A private limited company (Pvt. Ltd.), is an organisation that gives little legal; or liability protection to its shareholders. However, it has particular constraints on the proprietorship. These restrictions can be seen in detail in the company’s regulations or bylaws; which in turn prevents any attempts of hostile takeovers. The major restrictions are as follows:

  * Shareholders are prevented from transferring or selling shares; without given fellow shareholders first refusal.
  * Shareholders are not permitted to offer their shares to the general public, before the stock exchange.
  * The amount of shareholders cannot surpass a fixed number (typically fifty).


A Public Limited Company (or PLC), is an organisation which offers shares to the general company; however it has little liability. Stock of a public limited company can be attained by almost anyone; however they run the risk of potentially losing those shares down the line. This legal form is commonly found on the United Kingdom. To form such a company, a minimum of two people are required. These types of company’s offers limited liability to their management and proprietors. PLCs also permits a group to offer shares to investors; in turn raising much needed capital. Only PLCs are permitted to be listed on the Stock Exchange; and will in turn have the suffix “PLC”. For instance, British Petroleum has the suffix “BP PLC”. Further pre-requisites include:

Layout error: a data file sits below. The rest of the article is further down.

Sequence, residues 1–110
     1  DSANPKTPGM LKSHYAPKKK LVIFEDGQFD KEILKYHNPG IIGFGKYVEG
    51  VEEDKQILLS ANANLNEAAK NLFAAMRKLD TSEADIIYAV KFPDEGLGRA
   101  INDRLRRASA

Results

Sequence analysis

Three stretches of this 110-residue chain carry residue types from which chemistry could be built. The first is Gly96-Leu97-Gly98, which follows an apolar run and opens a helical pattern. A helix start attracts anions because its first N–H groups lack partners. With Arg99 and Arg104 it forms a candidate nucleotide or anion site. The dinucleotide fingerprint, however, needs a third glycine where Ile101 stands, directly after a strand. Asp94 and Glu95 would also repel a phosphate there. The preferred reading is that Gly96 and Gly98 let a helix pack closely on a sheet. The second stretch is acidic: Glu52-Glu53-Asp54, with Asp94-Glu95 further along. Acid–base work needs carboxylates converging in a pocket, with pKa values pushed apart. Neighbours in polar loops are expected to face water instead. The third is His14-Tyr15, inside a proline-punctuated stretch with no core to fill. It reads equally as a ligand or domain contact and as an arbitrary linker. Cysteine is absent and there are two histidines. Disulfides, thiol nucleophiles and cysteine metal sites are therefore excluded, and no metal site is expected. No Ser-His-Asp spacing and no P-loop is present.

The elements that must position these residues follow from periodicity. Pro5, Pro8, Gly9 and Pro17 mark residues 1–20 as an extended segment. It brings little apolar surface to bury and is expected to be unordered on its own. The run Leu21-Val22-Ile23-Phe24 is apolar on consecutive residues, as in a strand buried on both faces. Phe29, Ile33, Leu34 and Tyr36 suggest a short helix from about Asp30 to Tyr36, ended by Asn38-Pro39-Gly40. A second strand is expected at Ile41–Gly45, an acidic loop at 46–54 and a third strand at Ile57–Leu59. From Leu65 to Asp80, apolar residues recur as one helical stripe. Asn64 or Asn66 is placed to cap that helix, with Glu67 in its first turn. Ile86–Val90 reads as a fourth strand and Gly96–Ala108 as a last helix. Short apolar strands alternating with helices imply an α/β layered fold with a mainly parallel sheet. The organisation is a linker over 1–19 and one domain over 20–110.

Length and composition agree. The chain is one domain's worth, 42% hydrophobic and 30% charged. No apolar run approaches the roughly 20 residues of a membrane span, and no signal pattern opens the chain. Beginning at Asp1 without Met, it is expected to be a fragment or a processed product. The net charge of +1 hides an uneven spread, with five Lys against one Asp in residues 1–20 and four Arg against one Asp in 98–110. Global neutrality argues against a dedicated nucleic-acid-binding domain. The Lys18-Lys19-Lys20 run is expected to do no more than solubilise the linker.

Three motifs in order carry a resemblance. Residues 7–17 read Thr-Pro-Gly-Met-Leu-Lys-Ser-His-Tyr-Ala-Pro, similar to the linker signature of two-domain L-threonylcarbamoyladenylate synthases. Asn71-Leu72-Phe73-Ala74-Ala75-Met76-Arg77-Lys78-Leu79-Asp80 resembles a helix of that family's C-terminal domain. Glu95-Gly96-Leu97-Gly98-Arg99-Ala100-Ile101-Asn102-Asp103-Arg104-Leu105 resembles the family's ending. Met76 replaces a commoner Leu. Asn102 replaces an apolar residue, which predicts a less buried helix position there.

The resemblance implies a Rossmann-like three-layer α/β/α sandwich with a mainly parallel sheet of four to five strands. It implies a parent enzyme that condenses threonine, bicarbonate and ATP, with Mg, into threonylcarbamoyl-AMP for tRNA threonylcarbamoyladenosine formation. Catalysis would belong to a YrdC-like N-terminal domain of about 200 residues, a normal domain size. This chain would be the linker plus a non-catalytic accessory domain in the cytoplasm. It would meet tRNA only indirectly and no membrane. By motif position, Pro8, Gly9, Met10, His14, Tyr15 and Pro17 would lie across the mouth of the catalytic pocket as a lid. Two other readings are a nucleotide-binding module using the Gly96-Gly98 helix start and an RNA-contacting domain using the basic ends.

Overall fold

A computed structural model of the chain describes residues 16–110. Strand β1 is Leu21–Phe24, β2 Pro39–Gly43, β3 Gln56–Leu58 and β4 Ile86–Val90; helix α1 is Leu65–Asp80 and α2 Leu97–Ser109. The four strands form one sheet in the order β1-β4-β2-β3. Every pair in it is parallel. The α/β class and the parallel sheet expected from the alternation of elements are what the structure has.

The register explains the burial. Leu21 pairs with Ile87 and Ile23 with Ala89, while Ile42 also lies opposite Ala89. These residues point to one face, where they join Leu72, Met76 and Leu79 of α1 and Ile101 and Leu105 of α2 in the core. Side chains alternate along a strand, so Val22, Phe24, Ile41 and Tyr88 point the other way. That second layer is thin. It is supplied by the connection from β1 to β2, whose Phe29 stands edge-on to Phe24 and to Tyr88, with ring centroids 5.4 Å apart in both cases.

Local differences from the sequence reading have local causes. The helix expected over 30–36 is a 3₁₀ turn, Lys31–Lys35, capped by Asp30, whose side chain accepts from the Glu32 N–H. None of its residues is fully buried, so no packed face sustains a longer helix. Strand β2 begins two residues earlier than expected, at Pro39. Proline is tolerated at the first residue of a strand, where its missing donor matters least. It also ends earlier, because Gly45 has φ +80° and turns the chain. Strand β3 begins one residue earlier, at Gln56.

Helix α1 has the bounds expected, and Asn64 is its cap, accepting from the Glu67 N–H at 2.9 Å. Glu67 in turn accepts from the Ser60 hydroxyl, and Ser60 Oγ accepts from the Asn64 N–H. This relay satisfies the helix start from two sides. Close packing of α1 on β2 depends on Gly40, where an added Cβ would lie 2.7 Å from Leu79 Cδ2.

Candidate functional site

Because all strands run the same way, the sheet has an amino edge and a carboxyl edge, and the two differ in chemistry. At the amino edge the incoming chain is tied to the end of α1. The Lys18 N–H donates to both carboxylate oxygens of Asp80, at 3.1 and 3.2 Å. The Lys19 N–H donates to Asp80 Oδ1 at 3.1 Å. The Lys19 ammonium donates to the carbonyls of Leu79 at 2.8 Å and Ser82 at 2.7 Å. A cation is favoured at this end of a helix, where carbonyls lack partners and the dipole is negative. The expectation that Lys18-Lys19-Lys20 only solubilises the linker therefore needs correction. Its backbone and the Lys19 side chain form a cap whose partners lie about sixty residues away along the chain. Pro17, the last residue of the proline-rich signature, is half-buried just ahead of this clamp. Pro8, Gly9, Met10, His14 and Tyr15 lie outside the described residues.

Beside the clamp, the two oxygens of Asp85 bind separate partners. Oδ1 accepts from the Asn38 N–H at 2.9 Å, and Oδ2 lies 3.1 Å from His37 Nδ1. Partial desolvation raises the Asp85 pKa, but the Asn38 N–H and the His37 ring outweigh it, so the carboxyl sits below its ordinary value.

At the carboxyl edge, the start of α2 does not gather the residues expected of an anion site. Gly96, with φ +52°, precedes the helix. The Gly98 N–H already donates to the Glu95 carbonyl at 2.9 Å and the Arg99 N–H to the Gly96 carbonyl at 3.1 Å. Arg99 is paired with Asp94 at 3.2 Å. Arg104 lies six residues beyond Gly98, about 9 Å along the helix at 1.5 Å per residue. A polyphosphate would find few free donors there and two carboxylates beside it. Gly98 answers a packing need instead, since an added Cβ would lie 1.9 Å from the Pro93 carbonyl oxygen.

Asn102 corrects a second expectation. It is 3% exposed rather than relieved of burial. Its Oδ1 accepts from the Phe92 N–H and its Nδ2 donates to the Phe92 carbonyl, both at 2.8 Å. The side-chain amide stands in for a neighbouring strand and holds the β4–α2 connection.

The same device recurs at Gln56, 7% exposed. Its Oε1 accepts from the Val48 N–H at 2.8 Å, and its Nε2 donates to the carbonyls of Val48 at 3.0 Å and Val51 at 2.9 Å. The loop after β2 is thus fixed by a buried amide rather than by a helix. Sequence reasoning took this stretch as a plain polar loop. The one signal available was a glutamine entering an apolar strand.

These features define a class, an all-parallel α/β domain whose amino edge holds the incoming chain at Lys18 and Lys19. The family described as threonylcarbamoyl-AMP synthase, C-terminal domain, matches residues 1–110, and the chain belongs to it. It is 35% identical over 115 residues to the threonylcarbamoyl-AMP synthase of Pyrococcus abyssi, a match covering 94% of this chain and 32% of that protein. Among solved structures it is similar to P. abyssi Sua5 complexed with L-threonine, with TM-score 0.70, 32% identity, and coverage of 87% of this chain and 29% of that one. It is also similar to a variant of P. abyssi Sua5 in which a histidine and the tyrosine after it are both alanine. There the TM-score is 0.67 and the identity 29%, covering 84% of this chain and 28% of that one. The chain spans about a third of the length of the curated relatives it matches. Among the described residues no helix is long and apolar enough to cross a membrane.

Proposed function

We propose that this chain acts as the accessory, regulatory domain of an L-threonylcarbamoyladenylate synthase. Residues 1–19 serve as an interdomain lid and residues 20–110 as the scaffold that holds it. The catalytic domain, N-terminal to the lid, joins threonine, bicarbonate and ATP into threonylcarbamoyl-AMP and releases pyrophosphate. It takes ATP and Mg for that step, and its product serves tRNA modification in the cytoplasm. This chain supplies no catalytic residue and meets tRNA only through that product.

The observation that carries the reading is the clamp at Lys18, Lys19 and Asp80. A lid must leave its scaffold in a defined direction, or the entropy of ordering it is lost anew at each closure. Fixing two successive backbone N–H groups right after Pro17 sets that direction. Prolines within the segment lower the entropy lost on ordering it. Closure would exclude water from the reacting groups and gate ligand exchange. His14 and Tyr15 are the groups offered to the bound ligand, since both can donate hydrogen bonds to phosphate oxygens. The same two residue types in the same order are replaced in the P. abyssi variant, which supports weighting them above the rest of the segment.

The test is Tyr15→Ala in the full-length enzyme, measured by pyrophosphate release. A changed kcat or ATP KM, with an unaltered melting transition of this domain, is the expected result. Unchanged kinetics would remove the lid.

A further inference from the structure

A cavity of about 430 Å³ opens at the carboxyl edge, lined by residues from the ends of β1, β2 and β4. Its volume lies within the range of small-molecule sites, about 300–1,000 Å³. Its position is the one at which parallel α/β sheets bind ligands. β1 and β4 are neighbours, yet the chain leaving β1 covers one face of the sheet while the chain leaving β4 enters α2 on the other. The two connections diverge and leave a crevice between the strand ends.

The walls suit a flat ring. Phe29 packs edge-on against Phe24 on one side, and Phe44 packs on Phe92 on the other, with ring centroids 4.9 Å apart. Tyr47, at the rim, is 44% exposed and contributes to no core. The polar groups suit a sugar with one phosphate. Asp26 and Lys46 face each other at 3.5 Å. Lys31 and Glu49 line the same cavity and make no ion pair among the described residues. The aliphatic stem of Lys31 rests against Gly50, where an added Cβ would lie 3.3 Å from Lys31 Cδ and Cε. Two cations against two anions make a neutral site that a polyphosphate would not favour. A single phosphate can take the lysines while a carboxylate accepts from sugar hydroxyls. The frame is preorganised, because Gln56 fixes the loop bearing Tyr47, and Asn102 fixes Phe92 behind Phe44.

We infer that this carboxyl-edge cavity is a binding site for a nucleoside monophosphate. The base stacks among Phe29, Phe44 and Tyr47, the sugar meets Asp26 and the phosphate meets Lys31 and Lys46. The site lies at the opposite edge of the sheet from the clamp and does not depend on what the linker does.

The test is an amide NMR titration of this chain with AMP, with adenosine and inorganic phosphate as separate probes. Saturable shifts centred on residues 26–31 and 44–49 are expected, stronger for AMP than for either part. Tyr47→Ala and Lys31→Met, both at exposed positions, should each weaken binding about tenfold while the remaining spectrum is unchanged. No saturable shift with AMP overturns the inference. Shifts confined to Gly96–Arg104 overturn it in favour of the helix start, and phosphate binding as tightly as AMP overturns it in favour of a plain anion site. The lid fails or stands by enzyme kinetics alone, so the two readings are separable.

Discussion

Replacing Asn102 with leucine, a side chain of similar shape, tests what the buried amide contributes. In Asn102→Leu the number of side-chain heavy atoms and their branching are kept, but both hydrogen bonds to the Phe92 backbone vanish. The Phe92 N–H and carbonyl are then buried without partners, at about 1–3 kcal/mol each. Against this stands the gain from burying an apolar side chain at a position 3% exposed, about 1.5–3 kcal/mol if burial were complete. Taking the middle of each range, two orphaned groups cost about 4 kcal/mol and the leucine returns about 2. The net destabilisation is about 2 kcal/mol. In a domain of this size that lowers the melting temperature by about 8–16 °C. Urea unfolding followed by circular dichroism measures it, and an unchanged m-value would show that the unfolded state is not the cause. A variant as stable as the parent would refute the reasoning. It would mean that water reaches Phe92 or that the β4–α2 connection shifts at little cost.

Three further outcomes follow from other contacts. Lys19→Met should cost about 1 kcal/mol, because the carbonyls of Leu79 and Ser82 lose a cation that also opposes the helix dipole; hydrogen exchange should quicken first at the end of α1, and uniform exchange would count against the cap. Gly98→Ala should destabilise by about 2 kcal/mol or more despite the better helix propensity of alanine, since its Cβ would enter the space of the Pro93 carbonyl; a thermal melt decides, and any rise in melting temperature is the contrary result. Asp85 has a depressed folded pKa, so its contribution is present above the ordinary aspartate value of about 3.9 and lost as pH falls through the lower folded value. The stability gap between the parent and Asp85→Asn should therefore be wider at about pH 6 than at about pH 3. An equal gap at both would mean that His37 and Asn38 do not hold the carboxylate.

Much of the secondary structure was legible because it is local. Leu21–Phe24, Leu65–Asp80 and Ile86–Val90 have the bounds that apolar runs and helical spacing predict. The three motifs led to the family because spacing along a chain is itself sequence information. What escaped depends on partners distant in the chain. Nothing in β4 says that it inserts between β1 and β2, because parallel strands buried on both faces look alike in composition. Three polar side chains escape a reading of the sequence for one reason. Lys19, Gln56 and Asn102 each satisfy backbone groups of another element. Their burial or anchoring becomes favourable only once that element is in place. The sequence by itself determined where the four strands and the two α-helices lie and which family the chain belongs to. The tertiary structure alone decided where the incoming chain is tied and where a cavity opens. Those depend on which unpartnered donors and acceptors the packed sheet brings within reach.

* The organisation has to be registered as a PLC
  * It must have at least £50,000 of share capital


A Voluntary organisation is one which occasionally relies on volunteers for their operations; and could employ non-paid staff. A volunteer organisation is regarded as:
Self-governance through a board of unpaid trustees.
  * Autonomy from the government
  * Non-profit organisation
  * Aid from philanthropy

Charitable Business Organisations

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